Stopping Yaba from entering Bangladesh now seems almost impossible as shootouts, mass surrenders of narcotics smugglers to police, or strengthened surveillance on Cox's Bazar Marine Drive could not stop the smuggling of the crazy pill from Myanmar.
Despite the country's provision of death penalty as the highest punishment for drug offences, contraband Yaba consignments sneak through the Bangladesh-Myanmar border and they are being seized every day.
Bangladesh is struggling to cope with a surging drug epidemic, at the heart of which is a wildly popular methamphetamine drug known as Yaba.
A synthetic stimulant Yaba typically comes in the form of colourful, candy-like tablets.
The main ingredient in producing Yaba is chemical amphetamine, which is smuggled from China and Thailand to Myanmar, which hosts the largest number of clandestine Yaba laboratories.
After the murder of retired Army Major Sinha Md Rashed Khan on Cox's Bazar-Teknaf marine drive in July last year, the smuggling of Yaba into the country has diminished a bit, but within a couple of months, smuggling of Yaba has expanded once more. Slowly, gunfights began to take place once again. In any case, the Yaba smuggling was even increasing afterwards.
A massive surge in the Yaba trade pushed the Bangladesh government to pass the Narcotics Control Bill in October 2018 with a provision of a death sentence or life-term imprisonment as punishment for drug crimes. An anti-narcotics crackdown followed which left nearly 519 people killed in gunfights, with over one lakh arrested for their alleged involvement with the narcotics trade, as of June 2020.
Yet, the inflow of Yaba in Bangladesh continues.
The Border Guard Bangladesh (BGB) seized 5 lakh pieces of Yaba pills at different border observation posts (BOP) in Cox's Bazar only within a week – between 29 April and 6 May this year.
On 6 May, 50,000 pieces of Yaba tablets were seized at Rezupara BOP and another 10,000 pieces at Unciprang BOP.
Two days earlier, on 4 May, another 150,000 pieces of Yaba tablets were seized at Balukhali BOP.
The day before, on 3 May, 2,50,000 more pieces were seized at Hnila BOP.
On 29 April, 40,000 pieces of Yaba tablets were seized at Unciprnag BOP.
These are some instances of how the contraband Yaba is coming into the country through the bordering areas in Cox's Bazar.
According to the narcotics seizure, several law enforcement agencies in Cox's Bazar have not had a single day in which they did not apprehend any drug peddler or seize Yaba.
The beach city is now more famous by Yaba tablets than the recognition of the world's longest sea beach.
According to the government data, the Department of Narcotics Control (DNC), Bangladesh Police, Bangladesh Border Guard (BGB), Rapid Action Battalion (RAB) and Bangladesh Coast guard seized around 77 lakh pieces of Yaba tablets just in the first two months of this year.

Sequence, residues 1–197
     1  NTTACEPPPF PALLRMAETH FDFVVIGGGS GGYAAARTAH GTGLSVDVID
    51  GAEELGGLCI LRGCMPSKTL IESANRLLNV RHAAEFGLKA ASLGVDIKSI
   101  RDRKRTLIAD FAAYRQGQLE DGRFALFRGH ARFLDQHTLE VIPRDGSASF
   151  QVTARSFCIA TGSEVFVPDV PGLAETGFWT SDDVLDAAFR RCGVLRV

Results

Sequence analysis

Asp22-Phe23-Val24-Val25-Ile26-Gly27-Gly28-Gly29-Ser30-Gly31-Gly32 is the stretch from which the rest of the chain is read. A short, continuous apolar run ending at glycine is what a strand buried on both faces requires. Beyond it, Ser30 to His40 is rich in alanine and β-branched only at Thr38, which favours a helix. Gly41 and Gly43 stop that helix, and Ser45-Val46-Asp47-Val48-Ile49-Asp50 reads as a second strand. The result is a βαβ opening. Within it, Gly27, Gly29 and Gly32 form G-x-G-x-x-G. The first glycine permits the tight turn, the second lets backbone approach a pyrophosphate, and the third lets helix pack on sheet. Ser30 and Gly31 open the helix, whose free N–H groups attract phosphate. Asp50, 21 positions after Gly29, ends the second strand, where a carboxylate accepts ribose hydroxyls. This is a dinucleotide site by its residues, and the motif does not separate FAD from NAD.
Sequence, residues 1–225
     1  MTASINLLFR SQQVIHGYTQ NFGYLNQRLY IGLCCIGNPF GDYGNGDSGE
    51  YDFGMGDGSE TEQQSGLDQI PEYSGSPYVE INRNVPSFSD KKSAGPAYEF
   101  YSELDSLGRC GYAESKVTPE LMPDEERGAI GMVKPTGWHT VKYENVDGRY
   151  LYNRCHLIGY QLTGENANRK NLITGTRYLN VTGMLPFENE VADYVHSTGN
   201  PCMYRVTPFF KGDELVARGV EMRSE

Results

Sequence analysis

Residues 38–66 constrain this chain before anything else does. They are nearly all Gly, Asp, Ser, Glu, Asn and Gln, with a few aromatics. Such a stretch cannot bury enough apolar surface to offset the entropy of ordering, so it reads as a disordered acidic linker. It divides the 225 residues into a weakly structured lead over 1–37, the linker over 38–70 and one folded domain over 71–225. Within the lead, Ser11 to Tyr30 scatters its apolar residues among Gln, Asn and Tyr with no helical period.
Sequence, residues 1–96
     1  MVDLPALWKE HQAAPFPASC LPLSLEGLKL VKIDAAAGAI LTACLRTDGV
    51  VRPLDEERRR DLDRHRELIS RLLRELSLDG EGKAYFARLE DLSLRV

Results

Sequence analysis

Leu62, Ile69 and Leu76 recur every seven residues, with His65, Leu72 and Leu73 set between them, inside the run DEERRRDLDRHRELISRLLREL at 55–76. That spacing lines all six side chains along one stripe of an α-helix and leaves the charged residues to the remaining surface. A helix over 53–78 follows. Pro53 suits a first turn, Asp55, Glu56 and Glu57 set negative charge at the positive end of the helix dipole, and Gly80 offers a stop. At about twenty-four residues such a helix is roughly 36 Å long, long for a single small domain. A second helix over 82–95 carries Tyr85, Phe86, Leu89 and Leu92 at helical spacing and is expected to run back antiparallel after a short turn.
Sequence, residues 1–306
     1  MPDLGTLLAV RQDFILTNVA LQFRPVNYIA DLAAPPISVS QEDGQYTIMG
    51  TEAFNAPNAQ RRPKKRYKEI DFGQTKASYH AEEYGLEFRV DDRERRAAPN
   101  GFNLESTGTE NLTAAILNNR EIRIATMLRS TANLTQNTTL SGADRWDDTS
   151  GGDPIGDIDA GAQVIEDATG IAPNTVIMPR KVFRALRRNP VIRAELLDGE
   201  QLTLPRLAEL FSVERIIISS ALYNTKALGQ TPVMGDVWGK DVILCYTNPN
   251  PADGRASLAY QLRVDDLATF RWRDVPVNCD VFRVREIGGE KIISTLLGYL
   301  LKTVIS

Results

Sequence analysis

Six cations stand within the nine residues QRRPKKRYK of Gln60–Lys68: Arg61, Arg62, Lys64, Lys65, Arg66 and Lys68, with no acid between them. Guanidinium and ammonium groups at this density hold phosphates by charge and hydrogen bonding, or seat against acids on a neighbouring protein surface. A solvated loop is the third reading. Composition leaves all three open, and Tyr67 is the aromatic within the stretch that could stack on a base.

All the law enforcement agencies also seized around 36 lakh pieces of Yaba in 2020 and over 30 lakh pieces in 2019.
And, over 23 crore Yaba tablets were seized across the country between 2009 and February 2021.
Bangladesh Coast Guard and BGB are mainly responsible for the Yaba influx into the country through land and waterway of the 270-stretch bordering area.
Mohammad Hasanuzzaman, superintendent of police of Cox's Bazar, told The Business Standard, "Our team regularly apprehends drug peddlers and tries to catch the mastermind behind them since I joined Cox's Bazar police. When we get any information that Yaba is coming into the district through the border, we operate drives and try to reach the mastermind behind a racket."
But long borders and less surveillance at bordering areas have caused the Yaba epidemic, he added.
After the Sinha murder, several law enforcement agencies increased surveillance on Teknaf-Cox's Bazar marine drive.
At least six check-posts still remain on the marine drive, every vehicle at the check-posts is scanned to check whether it is carrying any illegal drugs or not.
An official from the armed police battalion (APBn) said most drug peddlers are now being apprehended at the Rezur Bridge area of the marine drive – on the way to Cox's Bazar from Teknaf. CNG-run auto-rickshaws, motorcycles and other vehicles carry Yaba pills in disguises through the route.
Lieutenant Colonel Faizur Rahman, director (operation) of BGB told TBS that a lack of enough manpower has hampered vigilance on borders.
"BGB is trying their best," he added.
The BGB director also mentioned that local representatives and local people can take part in the war against drugs.
Bangladesh Coast Guard Headquarters Media Officer Lt Commander BN Amirul Haque told TBS that they can only apprehend the carriers or secondary drug peddlers in different bordering waterways.
"Only detaining the carriers will not solve the grave problem, the drug lords and masterminds should be brought to book. We need to focus on roots to wipe out the drugs," he added.
"The Rohingyas are being used in drug peddling too, which is a new concern," he added.
'Gunfights' dropped after Sinha murder
According to the rights group, Ain o Salish Kendra (ASK), after the announcement of the "War against Drug", 464 persons had been killed in gunfights – 388 in 2019, 222 in 2020 and 14 in the first four months of the year.
Nur Khan Liton, a human rights activist, told TBS that they have observed that the number of so-called gunfights or crossfires dropped.